Directed by Lynne Ramsay
Starring Joaquin Phoenix
F.I.V.E. star rating:
F. Form: 5 / 5 [style, structure, technique]
I. Impression: 5 / 5 [impact, relevance, provocation]
V. Vision: 5 / 5 [audacity, innovation, perspective]
E. Experience: 4.5 / 5 [enjoyment, engagement, delight]
TOTAL: 98 / 100
A shot of a man’s head covered in a plastic bag, purposefully suffocating himself, is what fills the first frame of this exquisitely tense movie. It’s chilling to witness but also abstractly beautiful and it quickens the heartbeat. This is an economical movie that tells its simple revenge story primarily with images and sound. With this opening image, director Lynne Ramsay sums up the experience we are about to feel as an audience member (anxious, claustrophobic with touches of the serene) and the character it is depicting: Joaquin Phoenix playing a military veteran who saves young girls from sex trafficking while splinters of traumatic memories from childhood and war briefly invades his mind and our screen.
These memories never add up to any sort of reveal, as one would expect, because Ramsay isn’t that kind of filmmaker. She is entirely focused on the character’s present state while also understanding that this can’t be isolated from their past and so she shows them to us. But as they come in flashes and rapidly edited shards of images, they aren’t there to reveal something about his past (they don’t add up to a revelation as one would expect from a more conventional thriller) but informs his present state. Yes, they are memories but they are unwelcome memories that knock down the door to his brain triggered by something in his present.
When he is asked to take a photograph of a group of young girls on the street, the camera focuses on their mouths, smiling and happy, and it cuts to a glimpse of other girls’ mouths open, lifeless and cold-blue. He remembers a shipping container of dead young girls (presumably shipped for sex trafficking) who suffocated inside, left gasping for their final breaths with their mouths wide open. His present and past collide in these images. It articulates the ability of trauma to time-travel from the past and make itself felt intensely in the present. It lurks impatiently outside until a tiny opening lets it all rush in. These memories aren’t plotted into the structure of the movie (again to eventually lead to a reveal) but we experience them as he experiences them.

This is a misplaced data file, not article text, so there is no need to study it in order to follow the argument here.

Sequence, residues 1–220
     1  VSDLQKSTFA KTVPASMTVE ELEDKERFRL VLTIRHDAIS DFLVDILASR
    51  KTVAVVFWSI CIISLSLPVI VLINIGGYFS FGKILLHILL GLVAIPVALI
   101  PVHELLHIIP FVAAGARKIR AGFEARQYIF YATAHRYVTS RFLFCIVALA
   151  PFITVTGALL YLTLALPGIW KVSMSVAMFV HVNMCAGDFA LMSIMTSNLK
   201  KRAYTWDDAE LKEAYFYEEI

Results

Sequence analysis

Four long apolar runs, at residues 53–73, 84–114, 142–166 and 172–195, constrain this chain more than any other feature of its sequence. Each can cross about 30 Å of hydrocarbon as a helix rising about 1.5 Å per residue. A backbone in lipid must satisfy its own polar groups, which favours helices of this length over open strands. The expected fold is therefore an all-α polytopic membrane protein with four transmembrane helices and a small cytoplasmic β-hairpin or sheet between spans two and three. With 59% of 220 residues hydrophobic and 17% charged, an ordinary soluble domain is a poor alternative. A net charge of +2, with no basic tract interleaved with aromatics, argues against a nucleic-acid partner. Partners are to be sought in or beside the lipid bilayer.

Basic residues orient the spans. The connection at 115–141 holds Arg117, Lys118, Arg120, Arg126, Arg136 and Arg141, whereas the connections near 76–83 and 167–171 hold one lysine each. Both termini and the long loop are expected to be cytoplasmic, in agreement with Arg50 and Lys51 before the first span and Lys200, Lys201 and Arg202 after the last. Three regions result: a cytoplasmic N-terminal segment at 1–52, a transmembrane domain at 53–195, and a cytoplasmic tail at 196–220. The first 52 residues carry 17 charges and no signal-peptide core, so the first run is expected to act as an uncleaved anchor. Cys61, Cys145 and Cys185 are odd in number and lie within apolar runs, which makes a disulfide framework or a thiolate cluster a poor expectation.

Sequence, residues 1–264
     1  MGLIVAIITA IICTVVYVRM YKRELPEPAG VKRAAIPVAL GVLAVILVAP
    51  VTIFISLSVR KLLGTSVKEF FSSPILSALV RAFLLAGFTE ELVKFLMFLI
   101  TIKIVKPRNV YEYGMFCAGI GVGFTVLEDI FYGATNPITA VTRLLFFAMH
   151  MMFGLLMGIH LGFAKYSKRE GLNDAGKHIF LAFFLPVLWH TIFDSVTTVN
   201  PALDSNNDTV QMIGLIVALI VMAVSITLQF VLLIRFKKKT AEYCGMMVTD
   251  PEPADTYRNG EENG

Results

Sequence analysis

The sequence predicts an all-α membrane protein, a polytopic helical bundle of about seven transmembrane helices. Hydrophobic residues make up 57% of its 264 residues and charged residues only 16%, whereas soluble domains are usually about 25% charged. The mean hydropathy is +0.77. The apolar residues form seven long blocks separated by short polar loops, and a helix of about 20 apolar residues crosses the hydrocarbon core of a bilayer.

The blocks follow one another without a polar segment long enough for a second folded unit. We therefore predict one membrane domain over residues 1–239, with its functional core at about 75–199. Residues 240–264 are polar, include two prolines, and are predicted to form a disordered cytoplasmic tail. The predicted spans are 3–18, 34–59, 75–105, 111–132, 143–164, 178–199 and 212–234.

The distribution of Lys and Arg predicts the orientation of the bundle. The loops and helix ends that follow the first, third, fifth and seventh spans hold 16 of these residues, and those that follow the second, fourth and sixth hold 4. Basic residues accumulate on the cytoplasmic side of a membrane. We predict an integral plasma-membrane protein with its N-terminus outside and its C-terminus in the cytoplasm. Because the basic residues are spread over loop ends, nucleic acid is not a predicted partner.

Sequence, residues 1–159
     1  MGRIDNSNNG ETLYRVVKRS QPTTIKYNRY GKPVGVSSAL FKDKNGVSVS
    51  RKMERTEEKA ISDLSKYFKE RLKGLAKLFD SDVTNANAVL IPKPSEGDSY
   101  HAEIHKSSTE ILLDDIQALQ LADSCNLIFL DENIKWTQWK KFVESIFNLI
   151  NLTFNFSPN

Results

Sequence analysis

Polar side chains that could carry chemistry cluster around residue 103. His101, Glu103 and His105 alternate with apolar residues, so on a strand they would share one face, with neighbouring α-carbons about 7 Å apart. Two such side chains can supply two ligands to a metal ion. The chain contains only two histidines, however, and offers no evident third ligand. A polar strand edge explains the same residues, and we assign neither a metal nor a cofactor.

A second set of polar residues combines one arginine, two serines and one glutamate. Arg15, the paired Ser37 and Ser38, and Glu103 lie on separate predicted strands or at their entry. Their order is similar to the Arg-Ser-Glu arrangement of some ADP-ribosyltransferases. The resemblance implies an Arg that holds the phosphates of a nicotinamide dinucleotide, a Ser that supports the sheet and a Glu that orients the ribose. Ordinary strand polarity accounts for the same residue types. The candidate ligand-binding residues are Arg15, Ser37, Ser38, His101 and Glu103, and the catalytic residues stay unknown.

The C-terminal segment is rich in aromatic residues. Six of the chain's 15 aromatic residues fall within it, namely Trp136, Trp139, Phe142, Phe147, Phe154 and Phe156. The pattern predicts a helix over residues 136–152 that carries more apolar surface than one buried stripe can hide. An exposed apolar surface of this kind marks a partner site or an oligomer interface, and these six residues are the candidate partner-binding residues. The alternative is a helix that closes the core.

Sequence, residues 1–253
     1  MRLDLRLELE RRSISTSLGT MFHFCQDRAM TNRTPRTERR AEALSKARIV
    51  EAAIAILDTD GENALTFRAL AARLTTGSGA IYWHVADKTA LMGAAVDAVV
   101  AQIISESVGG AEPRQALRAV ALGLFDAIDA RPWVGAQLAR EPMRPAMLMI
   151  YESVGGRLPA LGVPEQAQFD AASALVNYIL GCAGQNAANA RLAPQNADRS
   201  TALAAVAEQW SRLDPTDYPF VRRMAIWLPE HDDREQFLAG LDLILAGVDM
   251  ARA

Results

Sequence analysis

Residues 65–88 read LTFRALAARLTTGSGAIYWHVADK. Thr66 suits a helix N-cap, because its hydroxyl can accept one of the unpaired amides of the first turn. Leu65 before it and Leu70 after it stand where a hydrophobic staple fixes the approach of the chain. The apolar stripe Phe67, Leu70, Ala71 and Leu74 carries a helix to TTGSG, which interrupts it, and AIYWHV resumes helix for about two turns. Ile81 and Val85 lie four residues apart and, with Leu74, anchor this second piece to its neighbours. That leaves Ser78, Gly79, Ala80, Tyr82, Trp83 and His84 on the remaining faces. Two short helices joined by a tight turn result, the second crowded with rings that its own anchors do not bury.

It is very much here, now, present. Ramsay isn’t interested in reveals and revelations, only senses and situation. This film is immediate and direct and no image or sound is perfunctory or useless. They don’t wander around or turn into something else. They are precisely what they are. Her images, like Joaquin Phoenix slowly mashing a jellybean with his fingers are loaded with symbolism but they resist explanation because they don’t fall under the trap of the metaphor. You can explain the crushing of a green jellybean as a crushing of childhood innocence, the brutality of the character (blah blah) but her images are potent enough that to interpret them is to render them dull.
The intensity of the image is better left with the image itself, not what it could represent. This work reminded me of the paintings of Francis Bacon - in its directness and ability to immediately communicate information and overwhelm its viewer through a single angry brushstroke or an insert shot sliced into place. Ramsay and Bacon are also similar in the way they express ugliness and violence into something sublime. This movie is brutal in its content but breathtakingly beautiful in its form. You will lose your breath in more ways than one.